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    The Role of Tests in Defining Fire Hazard: A Concept

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    Recent increased concern about life safety by various interested public agencies has led to questioning the credibility of small-scale fire tests in predicting the performance of a product or system in a real-fire situation.

    It is proposed that many of these fire test methods, though, can be upgraded to fire-characteristic test methods by the application of appropriate criteria. Furthermore, the results from one or more fire-characteristic test methods, plus other parameters, could then be integrated to establish the potential for harm (PH) of a product or a system. The fire hazard of a product or system can then be established by combining the potential for harm with the degree of exposure.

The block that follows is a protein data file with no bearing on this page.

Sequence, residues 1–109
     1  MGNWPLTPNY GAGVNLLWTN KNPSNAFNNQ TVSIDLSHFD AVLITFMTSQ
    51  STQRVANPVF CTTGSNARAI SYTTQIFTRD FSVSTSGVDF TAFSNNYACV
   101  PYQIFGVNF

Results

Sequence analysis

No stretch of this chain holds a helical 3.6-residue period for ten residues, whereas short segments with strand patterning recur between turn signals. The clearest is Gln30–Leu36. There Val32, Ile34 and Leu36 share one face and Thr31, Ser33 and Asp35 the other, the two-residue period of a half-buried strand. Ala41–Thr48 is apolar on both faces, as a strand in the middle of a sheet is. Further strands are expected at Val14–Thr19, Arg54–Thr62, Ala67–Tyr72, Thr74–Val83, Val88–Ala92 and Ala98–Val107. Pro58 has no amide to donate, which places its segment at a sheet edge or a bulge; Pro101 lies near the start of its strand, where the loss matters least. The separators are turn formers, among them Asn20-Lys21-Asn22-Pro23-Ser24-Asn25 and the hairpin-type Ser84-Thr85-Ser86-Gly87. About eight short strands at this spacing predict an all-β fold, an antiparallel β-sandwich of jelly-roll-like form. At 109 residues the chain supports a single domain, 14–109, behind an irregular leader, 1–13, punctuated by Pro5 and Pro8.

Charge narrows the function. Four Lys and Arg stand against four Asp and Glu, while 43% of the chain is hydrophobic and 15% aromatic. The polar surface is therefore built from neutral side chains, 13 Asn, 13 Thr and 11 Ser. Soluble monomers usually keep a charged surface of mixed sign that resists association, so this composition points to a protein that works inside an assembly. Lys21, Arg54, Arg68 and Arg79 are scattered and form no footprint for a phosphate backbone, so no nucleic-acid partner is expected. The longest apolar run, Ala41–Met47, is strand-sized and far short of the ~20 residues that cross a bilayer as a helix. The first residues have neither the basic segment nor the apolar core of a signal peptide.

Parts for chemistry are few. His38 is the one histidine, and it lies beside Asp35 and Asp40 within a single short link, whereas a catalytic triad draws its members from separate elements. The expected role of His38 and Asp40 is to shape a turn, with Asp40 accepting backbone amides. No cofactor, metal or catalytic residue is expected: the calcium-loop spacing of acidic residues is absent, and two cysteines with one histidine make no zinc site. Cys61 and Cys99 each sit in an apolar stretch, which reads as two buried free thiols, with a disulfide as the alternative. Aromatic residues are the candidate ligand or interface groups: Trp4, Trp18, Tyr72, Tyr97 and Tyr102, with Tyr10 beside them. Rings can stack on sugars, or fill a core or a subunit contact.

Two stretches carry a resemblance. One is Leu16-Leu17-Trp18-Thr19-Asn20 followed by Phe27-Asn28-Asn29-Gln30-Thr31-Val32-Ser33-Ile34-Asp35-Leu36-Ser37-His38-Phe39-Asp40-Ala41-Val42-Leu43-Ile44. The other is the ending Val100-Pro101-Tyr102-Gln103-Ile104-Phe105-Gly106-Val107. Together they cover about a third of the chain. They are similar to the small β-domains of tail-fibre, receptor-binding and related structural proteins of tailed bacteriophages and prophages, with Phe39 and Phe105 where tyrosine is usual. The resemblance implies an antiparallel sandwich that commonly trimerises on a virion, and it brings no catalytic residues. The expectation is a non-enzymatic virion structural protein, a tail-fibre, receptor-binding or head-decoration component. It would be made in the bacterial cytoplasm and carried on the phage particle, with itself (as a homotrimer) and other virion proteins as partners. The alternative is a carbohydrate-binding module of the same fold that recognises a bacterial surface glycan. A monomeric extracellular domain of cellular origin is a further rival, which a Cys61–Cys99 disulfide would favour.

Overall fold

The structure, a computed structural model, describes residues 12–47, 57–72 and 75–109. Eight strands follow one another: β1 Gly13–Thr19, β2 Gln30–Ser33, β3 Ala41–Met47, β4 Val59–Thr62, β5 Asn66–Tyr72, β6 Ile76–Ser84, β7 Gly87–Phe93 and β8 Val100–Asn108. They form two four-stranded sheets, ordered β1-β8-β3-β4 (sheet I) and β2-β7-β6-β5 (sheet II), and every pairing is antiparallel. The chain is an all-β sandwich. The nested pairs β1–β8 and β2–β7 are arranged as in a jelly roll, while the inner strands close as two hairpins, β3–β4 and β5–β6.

One pragmatic approach to establishing the integration equation for the PH of a product or system is to start with the available fire statistics for that product or system and to prepare a scenario that describes the involvement and the effects of the subject item in a fire situation. Then an integration equation that fits this scenario can be written. This approach would identify the fire-characteristic test methods and parameters that are needed to assess the PH of that product or system. Included in this concept is the idea of using full-scale fire tests either to prove the integration equation for a given product or system or to assess directly the PH of that given product or system.

    Alternatively, full-scale fire tests can be used to derive the integration equation for a given product or system when no fire statistics are available for that product or system.


    fires, fire hazards, tests

    Author Information:

    Roux, HJ
    Coordinating manager, Product Fire Performance, Armstrong Cork Co., Lancaster, Pa.

    Committee/Subcommittee: E05.35

    DOI: 10.1520/STP37208S